"Committed to the recovery of wild Pacific salmon in mid Vancouver
Island watersheds through habitat restoration and community engagement"
"Committed to the restoration of wild Pacific salmon in mid Vancouver
Island watersheds through habitat restoration and community engagement"

Was' Up with Eelgrass



Enthusiastic volunteers were already out mapping eelgrass beds just one day after our training by Nikki Wright of Seachange Marine Conservation Society. We have mapped the inner perimeter of the eelgrass beds at Parksville Beach, Surfside, San Pariel and Rathtrevor-Craig Bay. The beds appear to be in the same locations as they were when they were mapped in 2008 but we have yet to map the outer perimeter which we will do by boat. 



So was' up with eelgrass? Eelgrass beds, or meadows as they are sometimes called, are highways for young salmon. For salmon, a large break in an eelgrass bed is like a washout on a highway for us. All species of crabs and some species of sea stars use eelgrass beds as nurseries. Forage fish (an important food source for adult salmon) use eelgrass beds as do rockfish. Eelgrass stabilizes shorelines, gives us oxygen, cleans the water, and sequesters carbon. In fact, the United Nations has declared eelgrass as a weapon against Climate Change.

There are two species of eelgrass in the Parksville area:




Dwarf eelgrass (Zostera japonica) is short and thin like vermicelli. It grows on the flat sandy areas that are exposed at low tide. It's an introduced species but does not compete with our native eelgrass. It's an annual plant and reproduces by seed.








Native eelgrass (Zostera marina) is longer and wider like fetuccuini. It doesn't like to be as exposed as dwarf eelgrass so is found out near the water's edge during extreme low tides. It also grows in the subtidal zone up to 10 m in depth, depending on water clarity. It's a prerennial plant and reproduces through spreading rhizomes.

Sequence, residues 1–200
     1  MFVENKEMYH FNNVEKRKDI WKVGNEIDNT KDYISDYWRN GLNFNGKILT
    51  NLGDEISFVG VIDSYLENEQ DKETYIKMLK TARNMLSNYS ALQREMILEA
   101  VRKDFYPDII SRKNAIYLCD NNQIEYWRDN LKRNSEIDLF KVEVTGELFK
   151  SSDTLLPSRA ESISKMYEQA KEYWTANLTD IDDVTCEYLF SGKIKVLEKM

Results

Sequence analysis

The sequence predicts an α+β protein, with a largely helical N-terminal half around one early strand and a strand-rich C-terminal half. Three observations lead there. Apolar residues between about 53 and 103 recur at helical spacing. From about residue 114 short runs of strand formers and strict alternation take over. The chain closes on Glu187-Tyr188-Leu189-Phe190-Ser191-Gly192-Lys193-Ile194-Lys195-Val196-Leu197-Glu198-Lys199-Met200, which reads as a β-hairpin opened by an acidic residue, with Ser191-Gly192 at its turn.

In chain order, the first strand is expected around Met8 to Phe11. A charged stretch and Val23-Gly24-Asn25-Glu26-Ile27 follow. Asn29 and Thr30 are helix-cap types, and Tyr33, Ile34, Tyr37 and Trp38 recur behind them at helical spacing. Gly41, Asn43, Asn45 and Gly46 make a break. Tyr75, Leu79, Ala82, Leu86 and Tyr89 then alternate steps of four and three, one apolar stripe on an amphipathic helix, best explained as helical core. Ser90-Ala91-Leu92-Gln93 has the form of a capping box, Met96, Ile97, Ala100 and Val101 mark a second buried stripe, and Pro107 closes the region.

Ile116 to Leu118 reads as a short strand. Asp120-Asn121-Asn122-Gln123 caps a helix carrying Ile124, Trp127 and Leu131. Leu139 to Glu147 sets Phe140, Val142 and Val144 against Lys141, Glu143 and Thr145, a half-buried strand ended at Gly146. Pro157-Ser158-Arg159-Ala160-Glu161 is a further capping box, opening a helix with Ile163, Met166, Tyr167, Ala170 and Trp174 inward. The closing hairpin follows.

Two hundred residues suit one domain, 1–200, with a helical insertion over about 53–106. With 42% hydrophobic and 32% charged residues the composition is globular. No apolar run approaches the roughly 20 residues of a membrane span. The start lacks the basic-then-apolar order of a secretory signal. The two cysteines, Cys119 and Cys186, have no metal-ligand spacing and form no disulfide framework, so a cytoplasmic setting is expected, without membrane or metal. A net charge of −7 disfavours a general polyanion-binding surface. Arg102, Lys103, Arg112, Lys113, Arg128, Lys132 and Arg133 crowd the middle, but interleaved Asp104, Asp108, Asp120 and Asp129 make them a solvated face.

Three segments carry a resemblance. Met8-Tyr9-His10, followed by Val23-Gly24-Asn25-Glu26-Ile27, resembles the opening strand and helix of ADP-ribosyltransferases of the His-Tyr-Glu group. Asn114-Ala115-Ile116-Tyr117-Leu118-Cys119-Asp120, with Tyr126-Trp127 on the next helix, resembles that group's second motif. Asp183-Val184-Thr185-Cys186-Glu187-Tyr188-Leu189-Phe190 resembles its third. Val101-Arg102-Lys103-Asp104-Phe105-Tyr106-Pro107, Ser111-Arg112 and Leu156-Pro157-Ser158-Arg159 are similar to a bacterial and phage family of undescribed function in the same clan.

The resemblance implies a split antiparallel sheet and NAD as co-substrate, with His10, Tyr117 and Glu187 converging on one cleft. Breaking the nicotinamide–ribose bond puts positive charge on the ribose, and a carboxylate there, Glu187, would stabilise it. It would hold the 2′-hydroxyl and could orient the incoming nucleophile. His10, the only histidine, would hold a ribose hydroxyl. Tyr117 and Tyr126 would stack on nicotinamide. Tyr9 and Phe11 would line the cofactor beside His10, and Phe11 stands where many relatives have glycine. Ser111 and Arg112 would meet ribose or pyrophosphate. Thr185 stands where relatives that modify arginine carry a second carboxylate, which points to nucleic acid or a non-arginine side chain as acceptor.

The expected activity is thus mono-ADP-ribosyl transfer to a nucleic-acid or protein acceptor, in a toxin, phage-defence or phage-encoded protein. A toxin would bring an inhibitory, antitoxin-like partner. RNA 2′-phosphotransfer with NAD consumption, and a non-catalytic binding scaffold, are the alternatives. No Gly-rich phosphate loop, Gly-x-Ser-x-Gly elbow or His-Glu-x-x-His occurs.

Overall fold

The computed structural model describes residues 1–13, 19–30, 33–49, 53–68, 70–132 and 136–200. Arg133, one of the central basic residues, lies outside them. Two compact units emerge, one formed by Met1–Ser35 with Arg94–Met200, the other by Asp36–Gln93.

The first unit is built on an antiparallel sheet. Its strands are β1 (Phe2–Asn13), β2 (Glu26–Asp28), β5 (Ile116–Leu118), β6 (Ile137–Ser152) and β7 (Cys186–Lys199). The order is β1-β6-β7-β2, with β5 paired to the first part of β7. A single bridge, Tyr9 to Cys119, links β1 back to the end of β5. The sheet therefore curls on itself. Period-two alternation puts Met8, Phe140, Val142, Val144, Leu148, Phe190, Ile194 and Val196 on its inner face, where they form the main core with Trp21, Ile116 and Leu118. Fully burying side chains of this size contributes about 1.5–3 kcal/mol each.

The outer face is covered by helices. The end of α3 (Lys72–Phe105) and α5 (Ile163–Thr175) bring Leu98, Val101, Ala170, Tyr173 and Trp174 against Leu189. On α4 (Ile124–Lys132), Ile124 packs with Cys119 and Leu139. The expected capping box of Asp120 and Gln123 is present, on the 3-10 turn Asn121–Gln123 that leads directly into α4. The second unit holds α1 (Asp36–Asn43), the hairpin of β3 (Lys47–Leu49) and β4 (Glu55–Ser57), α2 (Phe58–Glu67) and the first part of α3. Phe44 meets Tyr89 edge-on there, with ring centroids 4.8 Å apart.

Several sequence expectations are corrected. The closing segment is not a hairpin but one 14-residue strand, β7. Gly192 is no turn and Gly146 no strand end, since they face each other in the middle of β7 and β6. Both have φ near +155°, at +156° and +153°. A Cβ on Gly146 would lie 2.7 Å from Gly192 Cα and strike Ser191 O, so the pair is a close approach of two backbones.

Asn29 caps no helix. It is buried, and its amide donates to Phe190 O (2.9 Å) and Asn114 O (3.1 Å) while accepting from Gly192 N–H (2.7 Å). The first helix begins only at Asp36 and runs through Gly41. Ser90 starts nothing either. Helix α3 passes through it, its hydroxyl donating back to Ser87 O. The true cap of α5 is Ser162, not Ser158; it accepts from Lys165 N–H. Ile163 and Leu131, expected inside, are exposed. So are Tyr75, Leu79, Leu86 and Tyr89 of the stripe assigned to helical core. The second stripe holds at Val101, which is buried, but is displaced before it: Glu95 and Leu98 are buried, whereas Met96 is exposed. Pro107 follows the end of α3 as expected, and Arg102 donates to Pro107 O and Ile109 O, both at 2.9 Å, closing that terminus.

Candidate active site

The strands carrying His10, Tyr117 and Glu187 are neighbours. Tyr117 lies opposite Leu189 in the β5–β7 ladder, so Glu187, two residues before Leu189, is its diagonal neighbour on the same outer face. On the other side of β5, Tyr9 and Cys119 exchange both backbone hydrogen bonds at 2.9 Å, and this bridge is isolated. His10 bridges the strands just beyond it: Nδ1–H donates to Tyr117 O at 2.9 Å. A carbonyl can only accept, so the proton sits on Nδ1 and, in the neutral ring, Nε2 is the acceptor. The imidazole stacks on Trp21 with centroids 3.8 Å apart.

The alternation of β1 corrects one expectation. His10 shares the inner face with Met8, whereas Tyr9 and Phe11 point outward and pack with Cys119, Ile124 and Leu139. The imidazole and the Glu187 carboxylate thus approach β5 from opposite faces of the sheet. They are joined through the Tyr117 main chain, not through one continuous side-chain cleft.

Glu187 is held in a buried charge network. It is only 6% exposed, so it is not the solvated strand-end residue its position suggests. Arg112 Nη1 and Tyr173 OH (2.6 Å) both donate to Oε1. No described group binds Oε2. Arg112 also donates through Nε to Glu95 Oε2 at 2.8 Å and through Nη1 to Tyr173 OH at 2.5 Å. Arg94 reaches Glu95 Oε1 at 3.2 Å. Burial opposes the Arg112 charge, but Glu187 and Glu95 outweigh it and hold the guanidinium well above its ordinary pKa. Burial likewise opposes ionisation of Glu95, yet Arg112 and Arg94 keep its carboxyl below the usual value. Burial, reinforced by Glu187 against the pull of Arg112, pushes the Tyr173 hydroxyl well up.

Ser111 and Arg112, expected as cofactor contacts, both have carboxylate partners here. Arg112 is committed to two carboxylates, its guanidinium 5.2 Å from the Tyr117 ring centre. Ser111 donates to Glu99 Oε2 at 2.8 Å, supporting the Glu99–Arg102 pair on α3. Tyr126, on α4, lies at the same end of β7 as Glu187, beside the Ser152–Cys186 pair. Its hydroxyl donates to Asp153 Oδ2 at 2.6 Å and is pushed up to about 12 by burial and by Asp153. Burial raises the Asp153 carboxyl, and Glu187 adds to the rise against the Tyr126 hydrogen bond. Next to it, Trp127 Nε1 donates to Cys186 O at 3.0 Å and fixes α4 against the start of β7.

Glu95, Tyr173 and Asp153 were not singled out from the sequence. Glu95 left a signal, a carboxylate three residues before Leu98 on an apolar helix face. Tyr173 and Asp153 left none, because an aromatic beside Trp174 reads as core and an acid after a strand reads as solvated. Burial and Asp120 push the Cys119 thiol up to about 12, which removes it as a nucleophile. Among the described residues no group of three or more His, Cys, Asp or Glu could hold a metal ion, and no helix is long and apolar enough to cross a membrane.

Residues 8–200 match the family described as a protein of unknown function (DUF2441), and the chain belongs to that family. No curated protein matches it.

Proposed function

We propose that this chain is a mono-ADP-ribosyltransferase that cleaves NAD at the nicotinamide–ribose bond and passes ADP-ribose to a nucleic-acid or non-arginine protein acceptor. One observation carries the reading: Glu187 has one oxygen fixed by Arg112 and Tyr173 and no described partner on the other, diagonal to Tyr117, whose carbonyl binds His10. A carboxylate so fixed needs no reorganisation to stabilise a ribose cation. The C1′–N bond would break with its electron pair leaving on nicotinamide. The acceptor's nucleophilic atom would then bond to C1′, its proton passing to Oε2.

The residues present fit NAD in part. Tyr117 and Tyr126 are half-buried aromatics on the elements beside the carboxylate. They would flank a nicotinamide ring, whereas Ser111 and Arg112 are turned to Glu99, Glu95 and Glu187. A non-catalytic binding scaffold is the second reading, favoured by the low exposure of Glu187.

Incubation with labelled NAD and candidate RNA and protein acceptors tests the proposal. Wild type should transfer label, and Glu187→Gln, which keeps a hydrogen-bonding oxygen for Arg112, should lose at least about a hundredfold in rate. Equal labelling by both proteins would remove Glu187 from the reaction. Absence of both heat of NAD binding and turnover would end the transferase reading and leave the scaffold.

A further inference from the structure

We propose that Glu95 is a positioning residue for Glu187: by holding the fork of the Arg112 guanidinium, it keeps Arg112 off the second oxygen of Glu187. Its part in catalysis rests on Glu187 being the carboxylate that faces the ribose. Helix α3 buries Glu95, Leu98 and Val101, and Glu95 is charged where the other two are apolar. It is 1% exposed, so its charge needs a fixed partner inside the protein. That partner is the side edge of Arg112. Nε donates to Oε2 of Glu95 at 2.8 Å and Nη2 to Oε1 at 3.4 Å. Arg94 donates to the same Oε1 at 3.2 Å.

Dragging boat anchors and chains uproot the plants and have had huge impacts on eelgrass beds in the Salish Sea, especially in areas where boats and ships are moored. Learn about inexpensive eelgrass-friendly mooring lines here. Eelgrass prefers sandy or muddy bottoms and is sparse in gravelly and rocky substrate. Shoreline armourment such as seawalls and riprap cause deflected waves to scour and sweep away sand, exposing the gravel and rock that was sitting below. This can degrade eelgrass beds so using Green Shores methods in shoreline protection is important for conserving eelgrass.






And now an invader has entered our eelgrass beds: Sargassum (right-hand photo). Sargassum has been in the news lately for piling up on the shores in Florida and the Caribbean. There are many different species inhabiting the oceans however, none of them are  native to our coast.








The species found here roots itself to rocks and shells and shades out native species like sea lettuce and eelgrass, as seen in the left-hand photo taken recently at Rathtrevor. Eelgrass provides a complex habitat whereas the habitat provided by Sargassum is simple and lacks some of the features required by our marine species. Pulling up Sargassum only causes it to spread so the rock or shell it is rooted on needs to be removed along with the intact plant. This again emphasizes the need to prevent the erosion of sand from our beaches: less rock for Sargassum to root on. 


An interesting tidbit is that eelgrass and sand dollars do not live together. Sand dollars vibrate when they burrow and forage for food, changing the nature of the sand which prevents eelgrass from establishing. A bare patch in an eelgrass bed could be a sand dollar bed.

That's it for now. We'll keep you updated on our findings. Many thanks to volunteers: Jamie Pollard, Manon Fontaine, Liz Bredberg, Bruce Murray, Carl Rathburn, Pat Ashton, Dick Dobler, Austin Peterson, and Barb Riordan.